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Jeremy Lin Reveals Powerful Lesson He Learned from Studying 'Sinful' Old Testament Heroes

( [email protected] ) Apr 26, 2018 11:06 AM EDT
While reading through the Old Testament, Jeremy Lin was struck by how God uses imperfect people to fulfill His kingdom work — a truth the Christian athlete says gave him "serious power and security."
Brooklyn Nets point guard Jeremy Lin has emphasized the importance of evangelism, as millions of lost souls will spend eternity in hell. Noah K. Murray-USA TODAY Sports

While reading through the Old Testament, Jeremy Lin was struck by how God uses imperfect people to fulfill His kingdom work — a truth the Christian athlete says gave him "serious power and security."

In an email sent to his digital prayer group, the Taiwanese/American NBA star revealed that while studying the lives of Abraham, Jacob, Noah and other Bible "heroes," he realized just how sinful they are were.

"Seriously, God has been really impressing on my heart that He continually uses broken, imperfect people," he said. "I often put pressure on myself to be as close to perfect as I can otherwise God can't use me. But the reality is that God uses sinful, doubtful and proud people all through Scripture."

"Even with Abraham, he wasn't willing to wait for God to fulfill His covenant so he took matters into his own hands," Lin continued. "He also lied out of a lack of faith by saying his wife was his sister. I guess my encouragement to everyone is that we don't have to be perfect. God loves us enough that He's willing to include us in His kingdom work. He doesn't need us, but He loves us so much that He'd rather use us than not. There is serious power and security when we understand our Father's love!!"

The 29-year-old Brooklyn Nets point guard, whose 2017-18 NBA season ended prematurely due to a torn patellar tendon in his right knee, went on to ask for prayer for a "very productive" season.

"I've spent 5 straight months building a foundation for my body and knee in Vancouver, so I'm hoping to really take off in the next 5 months that are this offseason," he said. "Specifically please pray that I'd be able to implement a lot of the new movement techniques and tons of body changes that we've made. It's a daunting process to tackle so many improvements at once, but I'm hoping that everything will stick and get fully implemented into my game for good."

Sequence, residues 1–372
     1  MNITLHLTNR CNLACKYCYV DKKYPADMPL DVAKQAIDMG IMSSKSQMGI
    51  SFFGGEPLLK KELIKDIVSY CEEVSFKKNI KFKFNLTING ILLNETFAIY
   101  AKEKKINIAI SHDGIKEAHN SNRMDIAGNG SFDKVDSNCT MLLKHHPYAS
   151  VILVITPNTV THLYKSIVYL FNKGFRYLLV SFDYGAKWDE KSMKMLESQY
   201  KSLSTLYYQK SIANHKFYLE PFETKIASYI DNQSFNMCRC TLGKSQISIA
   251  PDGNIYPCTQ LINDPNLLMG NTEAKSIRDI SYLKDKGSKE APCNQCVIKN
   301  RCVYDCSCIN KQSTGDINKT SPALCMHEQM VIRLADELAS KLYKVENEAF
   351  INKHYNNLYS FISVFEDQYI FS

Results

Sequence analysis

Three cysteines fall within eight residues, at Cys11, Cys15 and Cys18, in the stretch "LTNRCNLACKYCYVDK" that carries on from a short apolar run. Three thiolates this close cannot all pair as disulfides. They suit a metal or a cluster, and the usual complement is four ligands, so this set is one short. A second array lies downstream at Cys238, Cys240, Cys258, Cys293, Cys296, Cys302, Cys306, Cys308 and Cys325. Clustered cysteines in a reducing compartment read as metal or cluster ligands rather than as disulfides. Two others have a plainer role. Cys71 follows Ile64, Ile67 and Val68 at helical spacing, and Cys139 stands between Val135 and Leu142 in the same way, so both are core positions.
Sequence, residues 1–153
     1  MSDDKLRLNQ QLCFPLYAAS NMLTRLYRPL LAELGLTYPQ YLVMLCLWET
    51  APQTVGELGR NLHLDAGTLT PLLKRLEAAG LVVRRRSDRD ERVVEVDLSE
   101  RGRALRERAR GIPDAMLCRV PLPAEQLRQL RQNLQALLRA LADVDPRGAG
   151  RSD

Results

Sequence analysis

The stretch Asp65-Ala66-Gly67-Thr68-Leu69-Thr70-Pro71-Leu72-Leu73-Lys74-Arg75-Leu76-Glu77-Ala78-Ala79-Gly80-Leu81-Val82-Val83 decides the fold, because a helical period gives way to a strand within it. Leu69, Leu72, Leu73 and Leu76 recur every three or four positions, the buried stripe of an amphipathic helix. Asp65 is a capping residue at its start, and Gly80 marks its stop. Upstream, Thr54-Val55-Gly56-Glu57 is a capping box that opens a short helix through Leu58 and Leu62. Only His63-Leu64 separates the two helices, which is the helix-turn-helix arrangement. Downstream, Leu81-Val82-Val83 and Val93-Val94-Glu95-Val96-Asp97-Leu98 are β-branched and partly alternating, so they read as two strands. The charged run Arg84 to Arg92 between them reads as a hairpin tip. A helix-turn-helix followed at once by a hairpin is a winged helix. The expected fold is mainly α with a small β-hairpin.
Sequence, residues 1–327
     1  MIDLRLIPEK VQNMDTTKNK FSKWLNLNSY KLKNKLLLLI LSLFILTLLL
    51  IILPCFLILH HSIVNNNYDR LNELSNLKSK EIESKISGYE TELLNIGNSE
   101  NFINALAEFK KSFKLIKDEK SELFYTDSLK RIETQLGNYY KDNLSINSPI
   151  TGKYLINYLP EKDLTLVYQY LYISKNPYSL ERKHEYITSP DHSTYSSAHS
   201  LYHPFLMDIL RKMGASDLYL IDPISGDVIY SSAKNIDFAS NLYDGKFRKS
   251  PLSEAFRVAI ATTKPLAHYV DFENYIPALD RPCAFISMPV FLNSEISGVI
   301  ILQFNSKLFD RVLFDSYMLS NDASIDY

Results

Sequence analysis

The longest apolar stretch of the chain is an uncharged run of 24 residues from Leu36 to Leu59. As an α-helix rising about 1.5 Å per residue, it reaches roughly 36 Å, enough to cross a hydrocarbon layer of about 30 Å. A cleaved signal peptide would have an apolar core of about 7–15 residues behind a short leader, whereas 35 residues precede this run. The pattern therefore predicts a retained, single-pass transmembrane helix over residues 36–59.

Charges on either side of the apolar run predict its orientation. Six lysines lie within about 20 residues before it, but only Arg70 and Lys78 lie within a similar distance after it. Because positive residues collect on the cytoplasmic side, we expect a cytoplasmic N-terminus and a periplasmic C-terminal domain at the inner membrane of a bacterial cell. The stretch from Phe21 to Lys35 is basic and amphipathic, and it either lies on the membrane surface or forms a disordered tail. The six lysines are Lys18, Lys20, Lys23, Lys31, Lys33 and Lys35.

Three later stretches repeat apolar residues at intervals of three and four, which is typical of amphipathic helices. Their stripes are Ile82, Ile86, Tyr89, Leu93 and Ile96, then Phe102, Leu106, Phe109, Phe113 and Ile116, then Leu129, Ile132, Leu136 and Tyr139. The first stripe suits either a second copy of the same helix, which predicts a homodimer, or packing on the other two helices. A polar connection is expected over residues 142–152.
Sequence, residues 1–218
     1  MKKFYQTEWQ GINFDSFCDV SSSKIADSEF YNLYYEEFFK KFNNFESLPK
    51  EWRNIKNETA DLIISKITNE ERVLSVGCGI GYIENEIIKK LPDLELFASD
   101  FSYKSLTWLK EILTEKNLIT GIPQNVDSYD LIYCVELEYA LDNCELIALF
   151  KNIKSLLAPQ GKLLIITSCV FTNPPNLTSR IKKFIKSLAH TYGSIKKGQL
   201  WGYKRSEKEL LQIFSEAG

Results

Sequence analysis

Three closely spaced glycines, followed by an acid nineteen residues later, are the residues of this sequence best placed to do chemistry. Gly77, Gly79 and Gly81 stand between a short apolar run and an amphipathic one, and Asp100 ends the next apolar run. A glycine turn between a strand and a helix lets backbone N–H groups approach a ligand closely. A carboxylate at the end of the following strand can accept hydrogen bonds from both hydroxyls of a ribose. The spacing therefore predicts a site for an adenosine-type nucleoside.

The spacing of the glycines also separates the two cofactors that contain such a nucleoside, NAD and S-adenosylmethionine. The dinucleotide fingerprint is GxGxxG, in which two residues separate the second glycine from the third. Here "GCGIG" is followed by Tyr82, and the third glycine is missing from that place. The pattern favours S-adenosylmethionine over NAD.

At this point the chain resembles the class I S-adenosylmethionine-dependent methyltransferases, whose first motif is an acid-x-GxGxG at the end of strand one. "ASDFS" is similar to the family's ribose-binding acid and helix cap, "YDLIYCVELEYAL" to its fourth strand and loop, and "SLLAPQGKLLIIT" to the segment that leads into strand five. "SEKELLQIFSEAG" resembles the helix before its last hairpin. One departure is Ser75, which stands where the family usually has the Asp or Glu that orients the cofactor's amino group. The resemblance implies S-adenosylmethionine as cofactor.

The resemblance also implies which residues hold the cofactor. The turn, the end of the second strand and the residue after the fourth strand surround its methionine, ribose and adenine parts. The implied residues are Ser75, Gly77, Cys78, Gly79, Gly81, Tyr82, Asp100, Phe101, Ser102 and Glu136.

The Christian athlete also asked readers to pray for the non-believers in his life.

"I've seen many friends get interested in Christianity, but it's not as often that one of my friends dives headfirst into giving his/her life to Christ." he said. "I know it's God's job to allow spiritual growth so please pray for the softening of some of my non-believing friends' hearts."

"Lastly, please continue to pray for our nation and world," he concluded. "We're surrounded by tragedy so please pray for our nation and world leaders. That God's truth would be further lived out in this world!!"

Recently, Lin said he would like his legacy to be someone who "lived for God" and was "faithful" despite facing a series of challenges throughout his life and basketball career.

"My legacy with the world would be, I would want them to know that I lived for God, I was faithful in my life," he told David Meltzer of Sports 1 Marketing. "I wasn't perfect, but I always did my best and I tried to fix and right my wrongs and just do things the right way."

"The second thing I'd like people to see is that I had a lot of fun and I really tried to create change, legitimate change, in people's lives," he added. "That could be my teammates, that could be the fans that met me, that could be fans who never met me, or just people who just love my story. Being a source of inspiration or motivation to them would be pretty cool."

When asked about bridging the gap between the United States and China, Lin said he's "very cognizant" of the power of his brand.

"That's like my off-the-court job, is figuring out this platform and how to do it right and create a positive impact," he said, adding that he acknowledges he's in a "unique situation."

"There's many things that I'm able to do," he said. "We talk a lot about how to make it right, what vision, what brand, what path we want to take, and it's been enlightening ... this is baptism by fire figuring it out ... we spent a lot of it thinking about China and how we can help."

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